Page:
Since August, physical natural gas flows at Henry Hub have been at all-time highs for each respective month, and, in early October, they recorded the highest single-day flows that we’ve seen since December 2009. For decades, liquidity at the U.S. natural gas benchmark pricing location in southeastern Louisiana has been dominated by financial trades, with minimal physical exchange of gas, despite the hub boasting robust physical infrastructure and ample pipeline connectivity. That’s still the case, but physical movements of gas in the area have been on the rise due to LNG exports ramping up from the Sabine Pass and Cameron LNG facilities in southwestern Louisiana and a slew of Appalachia gas supply pipelines targeting that export demand. As more physical gas is moving through the hub, operational constraints are developing at key interconnects there. That, along with the ups and downs of LNG feedgas demand, is contributing to spot price volatility at the hub and, at times, a deeper divergence between Henry spot and futures prices. Today, we begin a short blog series on the changing gas flow dynamics in and around Henry.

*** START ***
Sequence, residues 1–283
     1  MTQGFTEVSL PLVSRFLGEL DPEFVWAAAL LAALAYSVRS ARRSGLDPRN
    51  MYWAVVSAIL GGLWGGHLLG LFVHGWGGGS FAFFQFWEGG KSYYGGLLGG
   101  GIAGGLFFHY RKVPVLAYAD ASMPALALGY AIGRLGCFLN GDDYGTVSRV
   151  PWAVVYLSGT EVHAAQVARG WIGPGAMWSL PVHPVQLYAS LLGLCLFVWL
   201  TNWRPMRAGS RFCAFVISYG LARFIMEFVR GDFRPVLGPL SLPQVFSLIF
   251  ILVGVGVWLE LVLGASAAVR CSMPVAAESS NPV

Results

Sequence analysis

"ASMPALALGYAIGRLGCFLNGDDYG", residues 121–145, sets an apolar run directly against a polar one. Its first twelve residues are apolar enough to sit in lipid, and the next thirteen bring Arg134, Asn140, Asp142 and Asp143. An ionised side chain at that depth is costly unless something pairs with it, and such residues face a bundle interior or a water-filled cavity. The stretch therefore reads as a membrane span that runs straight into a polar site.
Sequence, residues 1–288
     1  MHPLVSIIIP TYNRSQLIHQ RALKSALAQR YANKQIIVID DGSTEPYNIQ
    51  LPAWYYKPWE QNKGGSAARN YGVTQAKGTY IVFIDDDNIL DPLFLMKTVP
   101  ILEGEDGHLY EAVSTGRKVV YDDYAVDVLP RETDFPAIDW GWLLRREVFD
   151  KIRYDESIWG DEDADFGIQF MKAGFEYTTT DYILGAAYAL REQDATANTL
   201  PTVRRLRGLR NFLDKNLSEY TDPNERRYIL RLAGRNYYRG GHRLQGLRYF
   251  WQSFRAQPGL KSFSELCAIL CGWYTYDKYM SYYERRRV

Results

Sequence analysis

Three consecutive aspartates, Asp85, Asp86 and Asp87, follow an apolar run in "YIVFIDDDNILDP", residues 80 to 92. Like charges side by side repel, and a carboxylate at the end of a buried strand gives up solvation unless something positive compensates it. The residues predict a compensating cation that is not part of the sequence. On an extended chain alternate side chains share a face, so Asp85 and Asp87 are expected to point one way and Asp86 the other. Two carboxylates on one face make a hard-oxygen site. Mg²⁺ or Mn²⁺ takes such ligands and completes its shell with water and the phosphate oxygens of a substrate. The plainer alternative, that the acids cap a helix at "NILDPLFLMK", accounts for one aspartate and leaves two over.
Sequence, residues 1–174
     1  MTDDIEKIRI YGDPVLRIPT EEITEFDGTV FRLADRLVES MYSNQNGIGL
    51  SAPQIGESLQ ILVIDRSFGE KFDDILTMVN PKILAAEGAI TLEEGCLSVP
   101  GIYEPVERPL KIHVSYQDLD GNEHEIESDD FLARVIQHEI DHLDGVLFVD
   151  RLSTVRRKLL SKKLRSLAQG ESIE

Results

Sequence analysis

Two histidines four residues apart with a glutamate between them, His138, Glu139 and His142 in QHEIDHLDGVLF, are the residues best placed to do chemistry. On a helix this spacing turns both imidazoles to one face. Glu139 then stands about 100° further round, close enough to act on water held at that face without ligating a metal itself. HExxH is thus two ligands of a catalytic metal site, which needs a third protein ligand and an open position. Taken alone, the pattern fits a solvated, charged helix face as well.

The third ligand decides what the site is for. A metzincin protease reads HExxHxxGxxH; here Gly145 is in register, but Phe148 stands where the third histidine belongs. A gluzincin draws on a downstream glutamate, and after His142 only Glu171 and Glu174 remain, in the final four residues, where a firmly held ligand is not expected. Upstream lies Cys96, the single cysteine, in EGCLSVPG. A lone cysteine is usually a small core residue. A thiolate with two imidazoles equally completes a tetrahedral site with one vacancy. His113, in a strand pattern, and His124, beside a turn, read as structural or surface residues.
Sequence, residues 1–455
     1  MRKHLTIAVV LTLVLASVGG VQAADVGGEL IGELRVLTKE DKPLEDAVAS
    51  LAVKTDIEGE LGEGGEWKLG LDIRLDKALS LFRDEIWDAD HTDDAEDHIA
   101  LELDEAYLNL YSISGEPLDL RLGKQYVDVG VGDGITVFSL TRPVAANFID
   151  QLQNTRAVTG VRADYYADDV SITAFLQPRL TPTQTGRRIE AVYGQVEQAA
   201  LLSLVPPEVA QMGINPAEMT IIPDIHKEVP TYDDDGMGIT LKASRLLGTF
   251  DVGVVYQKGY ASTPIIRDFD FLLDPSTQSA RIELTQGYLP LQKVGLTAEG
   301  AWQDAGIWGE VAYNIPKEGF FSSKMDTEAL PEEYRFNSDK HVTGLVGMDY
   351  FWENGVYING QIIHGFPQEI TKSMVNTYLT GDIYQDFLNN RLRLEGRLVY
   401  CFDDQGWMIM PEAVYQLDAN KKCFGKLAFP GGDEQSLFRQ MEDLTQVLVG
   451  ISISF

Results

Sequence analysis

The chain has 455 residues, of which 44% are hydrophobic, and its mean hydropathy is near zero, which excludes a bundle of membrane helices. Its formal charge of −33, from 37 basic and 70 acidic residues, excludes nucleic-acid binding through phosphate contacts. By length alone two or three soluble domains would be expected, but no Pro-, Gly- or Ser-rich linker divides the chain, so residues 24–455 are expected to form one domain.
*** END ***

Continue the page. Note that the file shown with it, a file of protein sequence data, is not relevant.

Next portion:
The Henry Hub pricing location in Vermilion Parish, LA, has been the center of the natural gas spot-trading universe going back as far as the late 1980s, and is the delivery mechanism for the third-largest commodity futures trading instrument in the world — the CME/NYMEX Henry Hub natural gas futures contract. Long used as the basis for domestic gas deals, in recent years, it’s also become the benchmark for U.S. LNG export contracts. We detailed the formation, evolution, and rationale for the benchmark trading location, in our Henry the Hub, I Am I Am blog series. But the physical infrastructure at the hub has changed little over the decades, and, despite its “industry benchmark status” and highly liquid futures contract (red line using right axis in Figure 1), physical gas flows utilizing those assets (blue area on left axis) were not the driving force there. In fact, physical trade volumes at Henry (gold line, also on left axis) historically were driven less by physical flows and more by Intra-Hub Transfers (IHT), a “behind-the-scenes” accounting mechanism that gives counterparties the ability to exchange gas there through title transfers, without any physical movement of gas. Moreover, in the first half of the past decade, traded volumes — combined for physical flow and IHTs (these trades are indistinguishable) — dropped off as gas production volumes from both offshore Gulf of Mexico and western Louisiana’s Haynesville Shale declined (gray-shaded arrow).
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